Although Marine Corps' regulations plainly required each transfer request to be processed through channels to the Secretary of the Navy and then to the Secretary of the Air Force, plaintiff's request progressed only to Marine Corps Headquarters where it was disapproved and placed in his records. Even after plaintiff obtained the aid of congressional inquiries regarding the matter, the Marine Corps did not properly forward the request to the Secretary of the Navy. When, subsequent to his release, plaintiff was finally able to have his request reviewed by the Secretary of the Navy, it was too late to have it considered on its merits because he was no longer on active duty. It is clear that the failure of the Marine Corps properly to process the transfer request effectively negatived plaintiff's right to have the transfer considered on its merits.
In May 1971, plaintiff sought relief from the Board for Correction of Naval Records, asking, inter alia, that an adverse fitness report he had received be removed from his records; that his nonjudicial punishment be reviewed and removed from his records; that he be promoted to captain, with a date of rank commensurate with his peers; and that the Board aid him in his request for a transfer. While his request for relief was pending before the Board, he was passed over for promotion a second time and was involuntarily discharged.
On February 26, 1973, the Board, relying on a medical opinion that plaintiff's actions were reasonably attributable to a psychotic condition, directed removal from his records of all material regarding the nonjudicial punishment and the adverse fitness report. The Board further directed that his records should be corrected to show that he was not previously considered for promotion, so that he could be considered for promotion in 1973. The Board declined, on jurisdictional grounds, to take any action on his transfer request. Thereafter, plaintiff's discharge was canceled, he was reinstated in the Marine Corps Reserve, and, in 1973, he was selected for promotion to captain.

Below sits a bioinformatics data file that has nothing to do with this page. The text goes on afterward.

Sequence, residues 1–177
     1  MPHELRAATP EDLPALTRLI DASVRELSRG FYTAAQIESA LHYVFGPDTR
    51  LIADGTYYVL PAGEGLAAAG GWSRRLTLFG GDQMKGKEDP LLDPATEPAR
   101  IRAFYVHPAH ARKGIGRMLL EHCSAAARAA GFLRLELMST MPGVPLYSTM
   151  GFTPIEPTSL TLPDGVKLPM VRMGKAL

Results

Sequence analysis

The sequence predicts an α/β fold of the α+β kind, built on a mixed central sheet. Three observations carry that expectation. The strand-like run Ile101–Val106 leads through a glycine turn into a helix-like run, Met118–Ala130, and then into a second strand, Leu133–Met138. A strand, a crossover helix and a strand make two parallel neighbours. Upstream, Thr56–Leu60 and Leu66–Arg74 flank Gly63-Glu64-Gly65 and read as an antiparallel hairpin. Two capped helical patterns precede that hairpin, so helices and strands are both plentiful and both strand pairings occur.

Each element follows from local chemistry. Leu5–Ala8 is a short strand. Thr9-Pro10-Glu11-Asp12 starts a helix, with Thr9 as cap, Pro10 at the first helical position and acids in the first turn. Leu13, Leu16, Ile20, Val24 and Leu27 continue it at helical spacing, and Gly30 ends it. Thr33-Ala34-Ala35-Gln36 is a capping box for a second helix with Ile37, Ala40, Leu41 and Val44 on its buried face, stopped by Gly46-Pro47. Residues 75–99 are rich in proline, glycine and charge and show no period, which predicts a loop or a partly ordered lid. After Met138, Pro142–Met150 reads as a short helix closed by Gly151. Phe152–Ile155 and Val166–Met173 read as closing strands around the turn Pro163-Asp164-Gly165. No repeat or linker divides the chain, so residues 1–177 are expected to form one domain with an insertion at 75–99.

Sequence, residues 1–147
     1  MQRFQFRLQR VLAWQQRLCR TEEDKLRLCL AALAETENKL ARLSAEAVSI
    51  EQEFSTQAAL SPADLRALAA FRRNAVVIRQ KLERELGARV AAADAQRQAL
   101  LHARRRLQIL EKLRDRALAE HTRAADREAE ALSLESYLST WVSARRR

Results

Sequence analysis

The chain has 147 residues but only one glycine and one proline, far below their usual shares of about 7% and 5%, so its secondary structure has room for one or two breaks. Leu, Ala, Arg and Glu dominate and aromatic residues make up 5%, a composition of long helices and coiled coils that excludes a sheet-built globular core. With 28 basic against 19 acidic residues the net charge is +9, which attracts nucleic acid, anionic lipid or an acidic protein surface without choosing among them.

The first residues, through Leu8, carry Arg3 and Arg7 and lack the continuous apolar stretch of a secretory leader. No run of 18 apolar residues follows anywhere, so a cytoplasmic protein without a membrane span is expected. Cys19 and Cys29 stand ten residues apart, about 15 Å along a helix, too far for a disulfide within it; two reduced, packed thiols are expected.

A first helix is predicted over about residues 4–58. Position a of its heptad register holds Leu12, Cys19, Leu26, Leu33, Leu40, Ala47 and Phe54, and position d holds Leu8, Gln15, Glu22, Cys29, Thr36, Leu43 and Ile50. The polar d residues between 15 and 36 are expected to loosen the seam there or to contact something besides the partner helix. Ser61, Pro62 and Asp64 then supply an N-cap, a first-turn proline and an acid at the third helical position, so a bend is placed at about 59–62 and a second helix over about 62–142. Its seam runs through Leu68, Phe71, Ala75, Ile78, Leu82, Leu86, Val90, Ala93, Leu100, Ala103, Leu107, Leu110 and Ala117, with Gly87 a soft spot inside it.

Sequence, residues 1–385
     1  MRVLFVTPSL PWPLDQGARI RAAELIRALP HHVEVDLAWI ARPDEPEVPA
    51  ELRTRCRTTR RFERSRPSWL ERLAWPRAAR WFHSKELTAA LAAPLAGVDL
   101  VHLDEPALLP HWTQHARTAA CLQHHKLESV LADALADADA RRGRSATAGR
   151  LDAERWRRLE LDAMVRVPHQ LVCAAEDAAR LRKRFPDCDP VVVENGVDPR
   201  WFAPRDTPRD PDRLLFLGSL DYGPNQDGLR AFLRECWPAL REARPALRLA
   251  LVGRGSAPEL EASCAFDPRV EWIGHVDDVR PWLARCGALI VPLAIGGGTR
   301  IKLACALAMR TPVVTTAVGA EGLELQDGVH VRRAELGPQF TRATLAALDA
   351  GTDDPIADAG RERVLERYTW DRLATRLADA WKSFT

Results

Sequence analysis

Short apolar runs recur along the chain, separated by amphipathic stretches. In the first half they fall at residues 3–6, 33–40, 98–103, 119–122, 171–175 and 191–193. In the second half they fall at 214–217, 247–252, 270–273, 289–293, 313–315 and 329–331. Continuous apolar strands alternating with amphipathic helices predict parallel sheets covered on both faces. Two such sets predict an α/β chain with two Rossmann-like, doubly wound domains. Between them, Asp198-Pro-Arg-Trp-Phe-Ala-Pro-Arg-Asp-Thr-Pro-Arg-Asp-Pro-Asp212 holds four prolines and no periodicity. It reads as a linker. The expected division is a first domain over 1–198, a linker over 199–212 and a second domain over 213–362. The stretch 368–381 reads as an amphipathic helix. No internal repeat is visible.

Believing that he has received less than all of the relief to which he is entitled, plaintiff asks this court (1) to set aside his release from active duty, (2) to award him a date of rank of captain commensurate with his peer group, (3) to grant him full pay and allowances of an active-duty officer, from February 1, 1971, (4) to order his appointment as an active-duty reserve officer in the Air Force for a tour of duty of not less than 3 years, and (5) to direct the Naval Bureau of Medicine and Surgery to reevaluate the diagnosis that he was suffering from delusions of discrimination and was paranoid.
With respect to his release from active duty, plaintiff maintains that it should be declared null and void because of the procedural defects in the Marine Corps' handling of his interservice transfer request. While it is clear that there were such defects, that is no basis on which to give plaintiff the requested relief. Plaintiff incorrectly equates his undoubted right to request an interservice transfer to an obligation by the Marine Corps to retain him on active duty until that request has been finally approved or disapproved. In fact, no such obligation exists. Plaintiff's tour of duty was not in any way related, or otherwise contingent on, the proper processing of the transfer request. To the contrary, reserve officers like plaintiff can, under 10 U.S.C. § 681(a), be released from active duty at any time and the conditions and circumstances governing that release rest within the sound discretion of the service. Denton v. United States, 204 Ct.Cl. 188 (1974); Mercereau v. United States, 155 Ct.Cl. 157, 158 (1961).